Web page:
How does an organisation live with Taqwa?

February 15th, 2010 @   -  No Comments

In his book “Jami al-uloom a al-Hikam,” Imam Ibn Rajab Al-Hanbali explains: “Taqwa means that a person should make a fence between himself and that which is harmful. Taqwa means that a person should make a fence between himself and between Allah’s punishment, anger, and displeasure by doing all that He has ordered and abstaining from all that He has forbidden”.

Taqwa is usually understood to be a personal matter between a person and Allah. However, organisations are made up of individuals who are bound by the same obligations when dealing with organisational issues as when they are dealing with personal ones. Sometimes when people are involved in group work, personal responsibility is subordinated to the larger “group accountability.” The individuals do not feel they are as responsible as if they would be in personal matters. Indeed, although Allah addresses us in the Quran as groups, and we are encouraged to work as groups, we are reminded that we will be held accountable as individuals even for collective work.

When we are acting on behalf of an organisation, we should adhere to the same, if not higher, standards of Taqwa as when we are acting in our personal interest. When we make a mistake when it comes to our own personal interests, we are accountable to Allah alone, who is most forgiving and merciful. When we deal with organisational interests, in addition to being accountable to Allah, we are also accountable to the stakeholders of that group – i.e.) all the people who have an interest in it. And when we make a mistake, we are going to be accountable in front of all of them on the day of judgment.

What are the additional standards of Taqwa that we need to adhere to when acting as an organisation, beyond those we observe in our personal interests?

Ensure stakeholders’ interests come first

This may appear to be self-evident, but there are countless stories of people putting their own interest before those of the organisation they are supposed to be representing. Even in religious organisations, where there are no apparent material gains, people often let their egos, or their adherence to a particular school of thought or political or cultural group, come before the interests of the organisation. For example, Individuals who contest leadership elections in courts, wasting resources in the process, are not acting in the best interest of the organisation. Individuals who constantly fight with others in the organisation may hinder the progress of the group. In these situations, Taqwa dictates that we must stop and reflect on the impact of our actions. Are we advancing or hindering the progress of the organisation?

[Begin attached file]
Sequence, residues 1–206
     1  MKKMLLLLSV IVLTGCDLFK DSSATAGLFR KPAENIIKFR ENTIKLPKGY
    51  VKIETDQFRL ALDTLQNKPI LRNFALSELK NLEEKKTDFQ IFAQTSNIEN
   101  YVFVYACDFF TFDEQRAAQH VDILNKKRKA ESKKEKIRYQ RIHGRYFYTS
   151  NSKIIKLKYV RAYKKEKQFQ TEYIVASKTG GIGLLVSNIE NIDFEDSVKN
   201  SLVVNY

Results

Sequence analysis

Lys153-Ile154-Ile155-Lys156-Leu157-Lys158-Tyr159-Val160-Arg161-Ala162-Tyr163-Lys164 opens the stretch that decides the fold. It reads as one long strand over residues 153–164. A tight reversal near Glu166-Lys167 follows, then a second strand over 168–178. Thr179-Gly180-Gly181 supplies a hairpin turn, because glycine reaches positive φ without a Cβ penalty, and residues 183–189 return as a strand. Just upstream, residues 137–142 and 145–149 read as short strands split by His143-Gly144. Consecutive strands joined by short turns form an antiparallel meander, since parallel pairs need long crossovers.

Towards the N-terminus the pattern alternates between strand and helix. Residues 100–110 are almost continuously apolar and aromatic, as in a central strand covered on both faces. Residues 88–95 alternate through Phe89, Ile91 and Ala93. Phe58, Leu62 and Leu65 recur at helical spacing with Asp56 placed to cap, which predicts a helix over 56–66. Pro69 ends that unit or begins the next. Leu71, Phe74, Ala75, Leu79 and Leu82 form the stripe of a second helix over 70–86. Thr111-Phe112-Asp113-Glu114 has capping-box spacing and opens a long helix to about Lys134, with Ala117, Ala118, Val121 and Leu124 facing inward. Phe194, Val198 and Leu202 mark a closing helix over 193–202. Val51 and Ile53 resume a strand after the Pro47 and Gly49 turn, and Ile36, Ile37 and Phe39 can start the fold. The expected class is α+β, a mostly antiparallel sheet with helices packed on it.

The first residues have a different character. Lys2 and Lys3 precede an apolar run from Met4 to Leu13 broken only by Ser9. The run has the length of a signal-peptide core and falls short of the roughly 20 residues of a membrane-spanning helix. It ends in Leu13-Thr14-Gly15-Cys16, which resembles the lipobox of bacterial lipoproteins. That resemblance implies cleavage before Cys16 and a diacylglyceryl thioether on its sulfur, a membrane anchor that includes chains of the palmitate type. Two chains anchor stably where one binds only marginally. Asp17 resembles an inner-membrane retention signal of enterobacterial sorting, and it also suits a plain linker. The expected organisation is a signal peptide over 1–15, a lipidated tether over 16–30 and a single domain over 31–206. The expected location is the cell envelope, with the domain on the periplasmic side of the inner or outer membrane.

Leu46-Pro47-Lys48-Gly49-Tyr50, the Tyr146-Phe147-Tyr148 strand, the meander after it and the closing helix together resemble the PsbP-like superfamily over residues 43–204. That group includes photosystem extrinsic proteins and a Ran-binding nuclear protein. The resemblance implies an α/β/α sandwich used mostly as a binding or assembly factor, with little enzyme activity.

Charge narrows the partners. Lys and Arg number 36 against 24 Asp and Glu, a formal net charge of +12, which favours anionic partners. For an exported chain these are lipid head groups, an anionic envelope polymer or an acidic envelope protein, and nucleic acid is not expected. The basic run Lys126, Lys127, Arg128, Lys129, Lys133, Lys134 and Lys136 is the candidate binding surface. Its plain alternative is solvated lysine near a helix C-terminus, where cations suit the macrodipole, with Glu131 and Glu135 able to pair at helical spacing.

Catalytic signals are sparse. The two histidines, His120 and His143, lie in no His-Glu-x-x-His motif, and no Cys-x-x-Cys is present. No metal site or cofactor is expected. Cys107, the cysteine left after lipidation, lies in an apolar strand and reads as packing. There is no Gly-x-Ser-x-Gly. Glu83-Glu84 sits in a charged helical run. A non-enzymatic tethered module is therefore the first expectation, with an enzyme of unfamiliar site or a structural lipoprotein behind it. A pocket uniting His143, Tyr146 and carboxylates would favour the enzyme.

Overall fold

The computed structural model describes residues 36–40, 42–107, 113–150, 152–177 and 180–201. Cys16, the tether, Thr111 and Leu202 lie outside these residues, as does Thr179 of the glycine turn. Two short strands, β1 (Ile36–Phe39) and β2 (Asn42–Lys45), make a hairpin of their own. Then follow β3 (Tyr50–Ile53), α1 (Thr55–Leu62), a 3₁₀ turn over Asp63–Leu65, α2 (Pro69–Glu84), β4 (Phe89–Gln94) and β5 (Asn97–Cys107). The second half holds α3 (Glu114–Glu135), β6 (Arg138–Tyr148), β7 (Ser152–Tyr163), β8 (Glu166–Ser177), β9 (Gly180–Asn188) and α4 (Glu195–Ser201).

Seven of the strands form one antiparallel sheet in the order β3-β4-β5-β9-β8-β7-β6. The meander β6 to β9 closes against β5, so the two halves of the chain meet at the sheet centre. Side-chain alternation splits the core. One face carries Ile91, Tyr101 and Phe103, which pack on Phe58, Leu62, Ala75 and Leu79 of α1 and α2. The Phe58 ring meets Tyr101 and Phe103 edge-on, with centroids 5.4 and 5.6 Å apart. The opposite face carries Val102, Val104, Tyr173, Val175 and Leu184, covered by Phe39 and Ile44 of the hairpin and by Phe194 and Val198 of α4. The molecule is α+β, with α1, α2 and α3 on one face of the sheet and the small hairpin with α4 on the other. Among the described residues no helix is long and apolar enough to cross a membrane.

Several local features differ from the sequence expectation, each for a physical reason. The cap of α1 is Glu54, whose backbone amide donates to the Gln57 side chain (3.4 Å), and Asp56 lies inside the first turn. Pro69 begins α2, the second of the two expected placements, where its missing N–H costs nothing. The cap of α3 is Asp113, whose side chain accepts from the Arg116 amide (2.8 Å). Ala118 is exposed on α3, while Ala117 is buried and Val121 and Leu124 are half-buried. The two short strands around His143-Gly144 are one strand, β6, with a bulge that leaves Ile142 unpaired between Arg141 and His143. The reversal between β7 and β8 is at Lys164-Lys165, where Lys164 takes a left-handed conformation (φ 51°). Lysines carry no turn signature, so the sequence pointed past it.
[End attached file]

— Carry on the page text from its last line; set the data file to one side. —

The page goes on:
Be more inclusive

Organisations must serve the full spectrum of their stakeholders without excluding anyone. If anyone is excluded, then as an organisation, you have transgressed on the rights of those excluded. There are many Muslim non-profit organisations which focus on serving the interests of one particular group in their constituency at the expense of others, sometimes excluding some groups altogether.

Speak up

There are many people in leadership positions in organisations who prefer to turn a blind eye to wrongdoings because they do not want to rock the boat or upset people. These people must speak up even if there is the potential to upset close friends and colleagues. The Quran and the teachings of the Prophet (pbuh) have taught us to say the right thing, even if it is against our own interests or those of our close families and friends. Allah SWT says: “O ye who believe! Stand out firmly for justice, as witnesses to Allah, even as against yourselves, or your parents, or your kin, and whether it be (against) rich or poor: for Allah can best protect both. Follow not the lusts (of your hearts), lest ye swerve, and if ye distort (justice) or decline to do justice, verily Allah is well- acquainted with all that ye do.” (Quran 4:135). The Prophet (PBUH) said: “Nay, by Allah, you either enjoin good and forbid evil and catch hold of the hand of the oppressor and persuade him to act justly and stick to the truth, or, Allah will involve the hearts of some of you with the hearts of others and will curse you as He had cursed them”. (Abu Dawud and At-Tirmidhi).

Use the organisation’s resources wisely

This includes material resources as well as human. Waste is forbidden in Islam. Allah says: “Verily spendthrifts are brothers of the Evil Ones; and the Evil One is to his Lord (himself) ungrateful. (Quran 17:27) Taqwa therefore dictates that we deal with organisational resources wisely and without waste. We must also use the human capital in the organisation to its fullest. Many leaders of organisations run their affairs within a closed circle of trusted associates, leaving many others out who may be able to make great contributions. This is also a waste of resources which generally prevents the organisation from achieving its full potential.

Deal with group members with fairness and justice

Whether you are responsible for a small team or a large organisation, you will be made accountable for how you lead them. Dealing with them with fairness and justice carries a great reward. A just leader is among the seven that the hadith tells us Allah SWT will shade on the Day when there is no shade but His.

Remember that the reward for Taqwa is the highest places in paradise.

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